In my opinion, one of the easiest ways of figuring out character transformation is to start with #2 and #4. If you know where your character starts, and where they’re going, it’s just a matter of coming up with the reasons why they are the way they are, and the troubles you’re going to put them through to force them to change. However, you can really start with any of these and build out the others. It all depends on what aspect of the character comes to your first, or excites you the most.

Now, let’s look at the actual methods of changing the character during the story.

Sudden Transformation

The sudden transformation is the epiphany, the “ah-ha” moment, the shocking twist, or maybe even the sudden-but-inevitable betrayal.

The sudden transformation is a form of character change that happens all at once…or at least appears to. There is a particular event or short period of time where the reader sees the exact nature of the change. This is usually going to be an important point in the plot. If the character is a protagonist, it almost has to be.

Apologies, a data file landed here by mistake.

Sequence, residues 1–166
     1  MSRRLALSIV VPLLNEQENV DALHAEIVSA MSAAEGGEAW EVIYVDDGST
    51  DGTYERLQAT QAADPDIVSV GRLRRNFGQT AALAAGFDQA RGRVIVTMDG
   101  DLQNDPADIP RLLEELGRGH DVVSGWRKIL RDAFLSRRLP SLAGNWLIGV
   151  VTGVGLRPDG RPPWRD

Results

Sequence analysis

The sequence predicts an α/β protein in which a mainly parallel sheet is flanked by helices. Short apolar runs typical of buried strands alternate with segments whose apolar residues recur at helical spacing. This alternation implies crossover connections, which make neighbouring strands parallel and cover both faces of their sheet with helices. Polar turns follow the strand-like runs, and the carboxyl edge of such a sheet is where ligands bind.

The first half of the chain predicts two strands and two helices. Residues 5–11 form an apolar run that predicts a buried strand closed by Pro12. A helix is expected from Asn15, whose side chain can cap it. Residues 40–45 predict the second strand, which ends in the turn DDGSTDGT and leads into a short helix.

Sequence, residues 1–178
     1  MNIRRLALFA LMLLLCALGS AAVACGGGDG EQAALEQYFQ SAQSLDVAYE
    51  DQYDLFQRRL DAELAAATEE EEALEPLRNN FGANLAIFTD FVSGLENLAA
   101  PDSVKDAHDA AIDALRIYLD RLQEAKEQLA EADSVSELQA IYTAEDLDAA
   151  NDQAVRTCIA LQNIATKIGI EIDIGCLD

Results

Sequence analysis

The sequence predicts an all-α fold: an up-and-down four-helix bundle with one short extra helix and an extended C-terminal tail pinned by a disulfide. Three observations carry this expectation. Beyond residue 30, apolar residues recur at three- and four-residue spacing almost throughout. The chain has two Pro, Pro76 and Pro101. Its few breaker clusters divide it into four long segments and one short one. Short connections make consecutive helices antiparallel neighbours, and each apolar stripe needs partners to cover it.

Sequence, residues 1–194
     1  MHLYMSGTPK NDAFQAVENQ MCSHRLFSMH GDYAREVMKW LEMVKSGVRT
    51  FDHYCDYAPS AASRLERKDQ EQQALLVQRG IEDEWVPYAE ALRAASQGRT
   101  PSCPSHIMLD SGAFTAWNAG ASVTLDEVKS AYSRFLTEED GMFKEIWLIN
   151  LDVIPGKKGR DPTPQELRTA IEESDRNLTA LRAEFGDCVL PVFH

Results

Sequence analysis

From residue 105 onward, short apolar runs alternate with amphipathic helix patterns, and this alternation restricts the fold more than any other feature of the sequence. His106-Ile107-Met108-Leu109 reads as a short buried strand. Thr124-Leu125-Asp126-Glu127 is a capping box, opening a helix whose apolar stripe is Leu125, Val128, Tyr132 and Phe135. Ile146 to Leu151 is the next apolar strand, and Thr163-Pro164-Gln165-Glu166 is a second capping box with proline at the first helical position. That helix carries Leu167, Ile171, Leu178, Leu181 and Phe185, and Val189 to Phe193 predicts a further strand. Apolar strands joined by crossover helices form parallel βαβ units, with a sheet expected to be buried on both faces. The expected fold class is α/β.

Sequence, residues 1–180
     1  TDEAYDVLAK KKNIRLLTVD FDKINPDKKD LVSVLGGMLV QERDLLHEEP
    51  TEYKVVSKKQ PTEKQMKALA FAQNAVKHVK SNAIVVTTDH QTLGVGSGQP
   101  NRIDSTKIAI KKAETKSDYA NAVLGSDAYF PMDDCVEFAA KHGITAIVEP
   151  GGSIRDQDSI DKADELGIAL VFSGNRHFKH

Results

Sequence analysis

This might be an event where the character’s strength becomes a weakness, or vice-versa. They may undergo something terrible and develop a debilitating fear, or they may be forced into a situation where the only way forward is to overcome their fear. The event might make the character’s goal obsolete, and introduce a new goal. Perhaps they wanted to save someone from the villain, but they failed, and the villain killed that person. Now they have a new goal: revenge.

Superheroes are great examples. Many super-heroes have a sudden transformation where they gain their super-powers and also undergo some event that gives them a reason to use those super-powers.